I think I have told you before now that I absolutely hate mice.  They terrify me.  I am the sort of joke woman who jumps onto a chair and screams if I see one.  So I was interested to read about a WREN serving in the 1940/45 war.  She had been on duty all day and although exhausted, she met a boyfriend and they went dancing at an expensive club and restaurant.  And then it was hit by a bomb.

The part of the evening she remembers most was seeing mice literally jumping out of the walls where presumably they lived.  I didn't know mice lived in walls but I did read about a woman in the Tudor Age, who rode to London from Stratford, and stayed the night in an inn.  She couldn't get a wink of sleep as the mice in the walls were skittering about for hours keeping her awake.

Staying in old country inns from now on, if there are any open, I shall look with interest at the walls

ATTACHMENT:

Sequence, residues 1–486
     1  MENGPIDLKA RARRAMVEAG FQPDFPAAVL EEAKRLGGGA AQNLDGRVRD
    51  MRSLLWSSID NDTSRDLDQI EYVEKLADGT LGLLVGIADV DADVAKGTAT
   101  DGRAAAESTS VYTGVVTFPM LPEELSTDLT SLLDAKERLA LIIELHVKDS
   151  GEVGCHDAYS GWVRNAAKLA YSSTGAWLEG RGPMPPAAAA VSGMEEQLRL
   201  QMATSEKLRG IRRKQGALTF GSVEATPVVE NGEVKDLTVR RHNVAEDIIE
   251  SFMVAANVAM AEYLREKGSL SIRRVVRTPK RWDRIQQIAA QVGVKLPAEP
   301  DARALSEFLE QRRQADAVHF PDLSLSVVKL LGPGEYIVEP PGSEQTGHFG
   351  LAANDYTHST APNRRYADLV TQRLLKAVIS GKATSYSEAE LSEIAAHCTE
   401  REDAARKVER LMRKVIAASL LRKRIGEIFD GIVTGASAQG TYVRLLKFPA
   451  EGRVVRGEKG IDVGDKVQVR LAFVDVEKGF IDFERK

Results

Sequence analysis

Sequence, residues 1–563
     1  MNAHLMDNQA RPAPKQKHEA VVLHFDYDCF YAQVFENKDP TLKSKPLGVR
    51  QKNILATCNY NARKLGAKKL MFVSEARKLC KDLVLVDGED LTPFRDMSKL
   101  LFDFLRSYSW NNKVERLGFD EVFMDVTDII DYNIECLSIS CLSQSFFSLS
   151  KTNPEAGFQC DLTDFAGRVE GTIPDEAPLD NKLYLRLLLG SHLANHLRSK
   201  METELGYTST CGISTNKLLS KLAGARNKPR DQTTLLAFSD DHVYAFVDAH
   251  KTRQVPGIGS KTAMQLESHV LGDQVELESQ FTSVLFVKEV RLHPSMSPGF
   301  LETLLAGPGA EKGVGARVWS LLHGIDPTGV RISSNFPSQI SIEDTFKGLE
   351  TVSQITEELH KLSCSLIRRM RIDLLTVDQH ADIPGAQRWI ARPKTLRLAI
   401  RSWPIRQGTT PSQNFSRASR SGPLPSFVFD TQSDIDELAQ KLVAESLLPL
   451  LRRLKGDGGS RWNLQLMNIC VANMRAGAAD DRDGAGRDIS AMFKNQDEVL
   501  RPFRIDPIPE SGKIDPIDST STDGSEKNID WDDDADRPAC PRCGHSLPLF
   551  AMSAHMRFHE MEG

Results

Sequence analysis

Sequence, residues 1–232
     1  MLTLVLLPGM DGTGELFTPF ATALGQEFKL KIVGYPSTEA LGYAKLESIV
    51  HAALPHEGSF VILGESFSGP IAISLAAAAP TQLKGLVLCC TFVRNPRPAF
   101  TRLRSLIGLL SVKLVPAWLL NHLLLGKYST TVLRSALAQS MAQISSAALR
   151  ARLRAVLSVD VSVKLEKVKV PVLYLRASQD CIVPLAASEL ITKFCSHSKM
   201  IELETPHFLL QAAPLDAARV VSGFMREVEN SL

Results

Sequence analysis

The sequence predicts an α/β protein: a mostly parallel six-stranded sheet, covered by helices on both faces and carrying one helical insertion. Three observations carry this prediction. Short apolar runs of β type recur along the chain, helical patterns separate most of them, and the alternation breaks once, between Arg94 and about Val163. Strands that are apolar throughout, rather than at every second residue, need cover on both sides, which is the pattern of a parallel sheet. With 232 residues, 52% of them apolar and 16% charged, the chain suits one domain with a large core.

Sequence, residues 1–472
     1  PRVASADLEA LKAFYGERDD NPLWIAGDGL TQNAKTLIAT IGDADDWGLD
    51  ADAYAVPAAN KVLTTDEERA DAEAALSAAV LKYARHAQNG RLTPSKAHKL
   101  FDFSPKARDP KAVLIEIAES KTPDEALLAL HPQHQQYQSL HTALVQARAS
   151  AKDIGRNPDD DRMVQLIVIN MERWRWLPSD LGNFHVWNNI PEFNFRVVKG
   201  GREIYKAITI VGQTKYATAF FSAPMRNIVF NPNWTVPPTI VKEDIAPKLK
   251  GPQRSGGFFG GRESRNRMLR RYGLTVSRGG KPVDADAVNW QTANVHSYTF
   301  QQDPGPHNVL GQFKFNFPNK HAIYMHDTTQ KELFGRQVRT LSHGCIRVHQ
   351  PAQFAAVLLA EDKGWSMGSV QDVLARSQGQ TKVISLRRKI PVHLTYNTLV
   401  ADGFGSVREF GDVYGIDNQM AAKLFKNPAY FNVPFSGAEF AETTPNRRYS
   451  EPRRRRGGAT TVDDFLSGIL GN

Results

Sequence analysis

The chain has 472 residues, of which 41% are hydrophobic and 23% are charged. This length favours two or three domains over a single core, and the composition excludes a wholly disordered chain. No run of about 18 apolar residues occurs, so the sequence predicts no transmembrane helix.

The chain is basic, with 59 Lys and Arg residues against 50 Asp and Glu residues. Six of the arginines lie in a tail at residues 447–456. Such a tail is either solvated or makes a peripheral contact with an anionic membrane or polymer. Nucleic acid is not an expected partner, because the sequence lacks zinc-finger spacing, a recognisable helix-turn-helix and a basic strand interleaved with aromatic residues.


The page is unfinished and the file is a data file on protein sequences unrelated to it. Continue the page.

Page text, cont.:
of the bedroom I am appointed, and with some trepidation.

We all know, don't we, that we are never more than six feet from a rat .......


May 20th, 1800 from Dorothy Wordsworth's journal.

'A fine mild rain.  After breakfast the sky cleared and before the clouds passed from the hills I went to Ambleside.  It was a sweet morning.  Everything green and overflowing with life, and the streams making a perpetual song, with thrushes and all little birds, not forgetting the stone-chats.'

 I think our countryside is 'green and overflowing with life' at the moment.  It certainly is here in the Cotswolds.


A Valediction

To innocence
to childhood
to youth
to skipping about
to making daisy chains
to looking in the mirror
seeing someone pretty
to wearing gypsy clothes
feeling exotic in them
to flirting and being flirted with
to kissing someone new
drowning in that indescribable
feeling of lust and love
to smoking king-size cigarettes
to being passionate about something
daydreaming about a bright future
to changing the world
making poverty unknown
the poor rich.

But knowing now the truth
about old age being shite
hello to fudge and ice cold gins,
small pleasures and quieter things.


With very best wishes, Patricia                                                               

Sunday, 10 May 2020

Of Different Stuff

Dear Reader

 The Wailing Woman at Skellig Michael... - Wild Atlantic Way | Facebook

The Wailing Woman at Skellig Michael... - Wild Atlantic Way | Facebook